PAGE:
Let’s step back into our recent history.

Until recently, the nation’s fertilizer sub-sector was riddled with corruption. For over 40 years, just a negligible fraction of the money voted as subsidy for fertilizer trickled down to farmers as the bulk of the funds was shared by middlemen and government officials. The farmers got poorer and their farm yields got leaner year after year but the middlemen and government officials smiled to the bank every year. What a former agriculture minister, who is the current president of the African Development Bank (AfDB), Dr Akinwumi Adesina, did was to use technology to counter this menace. By creating e-wallet that made it possible for government officials and middlemen to be bypassed in the process of getting fertilizers across to the farmers, age-long corruption problem was solved. Farmers got full benefit of government fertilizer subsidy with the attendant increase in farm yields.

Fighting corruption requires new thinking. The war will remain unwinnable if we keep resorting to the same strategies that had failed us repeatedly in the past.

Granted that the same model may not work in every situation, the government needs to devise several means of beating the corrupt and warped people at their game by coming up with ways of ensuring that their exposure to funds is curtailed.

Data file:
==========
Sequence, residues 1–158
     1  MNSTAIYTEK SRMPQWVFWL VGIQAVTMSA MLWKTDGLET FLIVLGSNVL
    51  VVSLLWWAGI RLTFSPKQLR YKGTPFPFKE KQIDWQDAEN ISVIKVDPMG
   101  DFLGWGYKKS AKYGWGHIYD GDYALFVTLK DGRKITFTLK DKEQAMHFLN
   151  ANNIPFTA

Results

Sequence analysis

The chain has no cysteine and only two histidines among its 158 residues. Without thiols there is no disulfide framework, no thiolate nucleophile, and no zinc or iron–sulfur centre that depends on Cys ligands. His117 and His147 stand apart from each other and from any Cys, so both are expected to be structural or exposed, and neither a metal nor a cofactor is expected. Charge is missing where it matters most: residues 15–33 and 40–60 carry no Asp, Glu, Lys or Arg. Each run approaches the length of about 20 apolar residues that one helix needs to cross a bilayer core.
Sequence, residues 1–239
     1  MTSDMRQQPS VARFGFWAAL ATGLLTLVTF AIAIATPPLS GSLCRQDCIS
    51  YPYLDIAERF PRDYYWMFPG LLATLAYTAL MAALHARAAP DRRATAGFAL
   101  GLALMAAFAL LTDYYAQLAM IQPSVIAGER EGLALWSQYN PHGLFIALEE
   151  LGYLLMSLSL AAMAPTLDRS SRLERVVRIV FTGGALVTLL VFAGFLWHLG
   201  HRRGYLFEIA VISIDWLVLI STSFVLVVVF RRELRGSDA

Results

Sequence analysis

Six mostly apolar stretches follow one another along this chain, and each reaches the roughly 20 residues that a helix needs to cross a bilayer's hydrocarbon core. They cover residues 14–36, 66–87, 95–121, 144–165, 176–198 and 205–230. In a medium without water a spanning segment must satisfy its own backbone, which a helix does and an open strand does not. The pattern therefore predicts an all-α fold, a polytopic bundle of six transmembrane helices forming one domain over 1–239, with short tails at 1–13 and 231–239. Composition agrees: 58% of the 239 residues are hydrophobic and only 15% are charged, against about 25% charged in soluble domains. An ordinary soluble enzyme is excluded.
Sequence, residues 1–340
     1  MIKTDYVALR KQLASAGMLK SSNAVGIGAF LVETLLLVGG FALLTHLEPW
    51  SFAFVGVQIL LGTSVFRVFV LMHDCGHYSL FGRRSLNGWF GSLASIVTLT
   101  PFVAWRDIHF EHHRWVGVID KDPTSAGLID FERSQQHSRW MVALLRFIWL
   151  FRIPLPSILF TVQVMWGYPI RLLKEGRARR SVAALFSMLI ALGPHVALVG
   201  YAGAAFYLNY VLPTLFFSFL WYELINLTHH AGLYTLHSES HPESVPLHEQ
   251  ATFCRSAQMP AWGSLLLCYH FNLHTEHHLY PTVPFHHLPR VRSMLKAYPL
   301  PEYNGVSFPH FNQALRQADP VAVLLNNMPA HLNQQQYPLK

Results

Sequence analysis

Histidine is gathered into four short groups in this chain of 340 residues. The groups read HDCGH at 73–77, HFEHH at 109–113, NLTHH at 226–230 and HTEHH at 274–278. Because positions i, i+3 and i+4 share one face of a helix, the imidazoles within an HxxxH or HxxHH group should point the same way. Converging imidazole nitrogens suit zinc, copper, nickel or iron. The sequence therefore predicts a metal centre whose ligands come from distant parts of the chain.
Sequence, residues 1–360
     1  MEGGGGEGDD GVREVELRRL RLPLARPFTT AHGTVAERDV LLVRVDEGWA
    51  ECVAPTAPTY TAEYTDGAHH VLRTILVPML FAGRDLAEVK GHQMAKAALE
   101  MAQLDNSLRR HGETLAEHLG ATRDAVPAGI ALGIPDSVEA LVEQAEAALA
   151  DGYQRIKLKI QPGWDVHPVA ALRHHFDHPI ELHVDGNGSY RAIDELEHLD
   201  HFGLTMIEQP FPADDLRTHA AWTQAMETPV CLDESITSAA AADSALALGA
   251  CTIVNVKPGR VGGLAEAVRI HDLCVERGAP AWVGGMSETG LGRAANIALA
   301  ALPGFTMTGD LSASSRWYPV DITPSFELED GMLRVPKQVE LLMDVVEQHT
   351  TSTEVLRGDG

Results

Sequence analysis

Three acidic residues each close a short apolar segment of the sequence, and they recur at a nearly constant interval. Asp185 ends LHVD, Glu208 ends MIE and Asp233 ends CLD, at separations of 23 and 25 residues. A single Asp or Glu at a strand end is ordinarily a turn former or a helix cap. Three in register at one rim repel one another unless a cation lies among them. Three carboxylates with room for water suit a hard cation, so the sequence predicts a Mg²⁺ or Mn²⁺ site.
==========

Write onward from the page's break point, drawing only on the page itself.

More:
The second leg is collaboration among institutions. Banks need to cooperate with law enforcement agencies to put the issue of corruption behind us. Every money stolen will, at one point or the other, find its way into the banking system. If the Bankers Committee will work with law enforcement agencies to blow the lid off every suspicious transaction, curbing corruption and depriving the perpetrators of the benefit of their misdemeanor will become easy.

The final leg is the strengthening of institutions of state created to fight corruption. Corrupt people are intelligent and they always venture into circumventing every measure emplaced by the state to curb corruption. So, the agencies must take intelligence gathering seriously to get information about these people. Money always leaves a trail, so it is easy to track. All that is required is a determination on the part of these agencies to do what is expected of them. They should investigate every case and prosecute when they have evidence.

Then, if it is possible, let the burden of proving their innocence be on those charged with corruption. The current system is one which puts the burden of proving that the accused is guilty on the prosecution and just a technical itch may give the accused the leeway to get off the hook. If we put the burden of proving their innocence on those accused of corruption, then, getting off lightly may become herculean.

The anti-corruption war is winnable but it requires seriousness and not just reliance on perfunctory routine activities and grandstanding that raise so much dust without producing any result.